‘The boys did initially ask, ‘do we really have to’?’ deputy headmaster Frank Norton said.
‘However, after we went through the facts ” that one in two Australians develops skin cancer in their lives ” everyone was wearing their hats within two days and were wonderfully supportive. You can’t deny it; a one in two bullet is pretty difficult to dodge.’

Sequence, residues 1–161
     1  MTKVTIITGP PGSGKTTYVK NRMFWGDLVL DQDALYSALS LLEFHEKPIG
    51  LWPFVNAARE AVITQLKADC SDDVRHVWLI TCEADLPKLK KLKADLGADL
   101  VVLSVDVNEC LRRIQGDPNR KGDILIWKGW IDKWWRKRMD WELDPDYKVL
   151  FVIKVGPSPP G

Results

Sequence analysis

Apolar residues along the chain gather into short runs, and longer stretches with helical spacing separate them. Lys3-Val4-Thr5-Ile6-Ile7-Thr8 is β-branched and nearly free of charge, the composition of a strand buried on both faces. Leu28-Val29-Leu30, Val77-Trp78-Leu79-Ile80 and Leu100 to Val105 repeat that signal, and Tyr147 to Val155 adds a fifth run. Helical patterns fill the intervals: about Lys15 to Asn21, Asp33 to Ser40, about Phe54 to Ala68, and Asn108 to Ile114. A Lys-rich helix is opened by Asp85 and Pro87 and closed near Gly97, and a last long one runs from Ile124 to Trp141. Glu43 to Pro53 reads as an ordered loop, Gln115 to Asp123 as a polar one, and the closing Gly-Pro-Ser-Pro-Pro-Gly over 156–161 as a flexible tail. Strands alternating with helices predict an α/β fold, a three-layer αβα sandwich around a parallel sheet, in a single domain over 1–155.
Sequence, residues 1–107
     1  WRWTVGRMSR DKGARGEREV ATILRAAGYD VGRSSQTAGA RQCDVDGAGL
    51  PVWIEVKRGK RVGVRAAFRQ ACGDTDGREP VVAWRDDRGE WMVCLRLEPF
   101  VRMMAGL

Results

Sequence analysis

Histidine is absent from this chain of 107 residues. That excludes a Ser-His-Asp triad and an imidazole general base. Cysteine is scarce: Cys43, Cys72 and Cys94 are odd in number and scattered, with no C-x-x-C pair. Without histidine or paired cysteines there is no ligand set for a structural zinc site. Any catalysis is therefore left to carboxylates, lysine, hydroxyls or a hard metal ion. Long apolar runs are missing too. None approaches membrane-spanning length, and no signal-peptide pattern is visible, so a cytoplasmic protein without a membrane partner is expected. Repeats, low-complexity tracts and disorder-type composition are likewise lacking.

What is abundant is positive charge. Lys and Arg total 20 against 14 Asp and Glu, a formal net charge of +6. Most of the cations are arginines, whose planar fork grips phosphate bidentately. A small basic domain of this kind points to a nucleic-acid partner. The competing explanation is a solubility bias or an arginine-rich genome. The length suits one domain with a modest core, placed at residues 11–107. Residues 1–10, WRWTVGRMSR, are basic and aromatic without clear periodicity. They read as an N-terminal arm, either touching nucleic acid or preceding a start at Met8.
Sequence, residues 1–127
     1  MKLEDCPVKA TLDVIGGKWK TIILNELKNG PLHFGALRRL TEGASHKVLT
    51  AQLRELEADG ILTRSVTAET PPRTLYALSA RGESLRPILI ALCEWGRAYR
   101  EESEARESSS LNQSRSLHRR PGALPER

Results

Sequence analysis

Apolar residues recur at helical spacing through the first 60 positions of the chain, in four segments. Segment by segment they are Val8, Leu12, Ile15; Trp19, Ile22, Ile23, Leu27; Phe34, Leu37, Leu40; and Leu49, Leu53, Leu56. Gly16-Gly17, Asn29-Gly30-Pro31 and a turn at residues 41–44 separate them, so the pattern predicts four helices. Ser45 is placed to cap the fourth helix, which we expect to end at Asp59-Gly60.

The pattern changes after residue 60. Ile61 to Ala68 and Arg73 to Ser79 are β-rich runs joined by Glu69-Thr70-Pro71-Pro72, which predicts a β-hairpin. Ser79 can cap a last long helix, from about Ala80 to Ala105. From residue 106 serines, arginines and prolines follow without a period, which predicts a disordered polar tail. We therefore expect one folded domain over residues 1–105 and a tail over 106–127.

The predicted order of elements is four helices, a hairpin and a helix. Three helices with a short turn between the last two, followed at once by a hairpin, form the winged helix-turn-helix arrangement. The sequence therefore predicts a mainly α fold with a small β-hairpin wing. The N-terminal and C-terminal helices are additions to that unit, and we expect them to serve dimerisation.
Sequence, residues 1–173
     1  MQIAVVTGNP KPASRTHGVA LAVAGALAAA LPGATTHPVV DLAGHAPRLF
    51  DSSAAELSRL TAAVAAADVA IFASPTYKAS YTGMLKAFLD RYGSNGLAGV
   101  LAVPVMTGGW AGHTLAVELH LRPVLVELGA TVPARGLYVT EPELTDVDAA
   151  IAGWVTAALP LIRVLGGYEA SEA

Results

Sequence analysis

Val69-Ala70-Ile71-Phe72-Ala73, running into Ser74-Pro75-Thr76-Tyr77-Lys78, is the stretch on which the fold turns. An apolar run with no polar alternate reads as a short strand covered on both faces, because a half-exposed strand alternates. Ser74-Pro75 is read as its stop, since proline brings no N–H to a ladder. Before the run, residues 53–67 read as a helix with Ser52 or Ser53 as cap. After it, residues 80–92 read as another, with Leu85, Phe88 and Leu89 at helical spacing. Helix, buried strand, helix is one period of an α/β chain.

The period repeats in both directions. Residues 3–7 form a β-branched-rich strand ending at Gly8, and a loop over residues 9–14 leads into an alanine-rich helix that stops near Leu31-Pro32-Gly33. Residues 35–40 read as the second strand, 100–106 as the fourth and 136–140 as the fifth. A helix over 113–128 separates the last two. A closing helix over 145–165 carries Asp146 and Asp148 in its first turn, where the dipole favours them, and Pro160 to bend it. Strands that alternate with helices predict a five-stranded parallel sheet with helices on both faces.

Cancer Council WA SunSmart manager Kerry O’Hare said Aquinas had done a great job of making student health a priority.
‘All primary school students have to wear a hat, but then all of a sudden when they reach high school the hat rule tends to disappear,’ she said.
As skin cancer is the most common cancer in Australians aged 15 to 44, Ms O’Hare said high school students not wearing hats was a concern.
‘By introducing this rule, Aquinas College students will have a decreased risk of developing skin cancer later in life, which is an incredible accomplishment,’ she said. ‘They are a shining example for other schools to look up to.’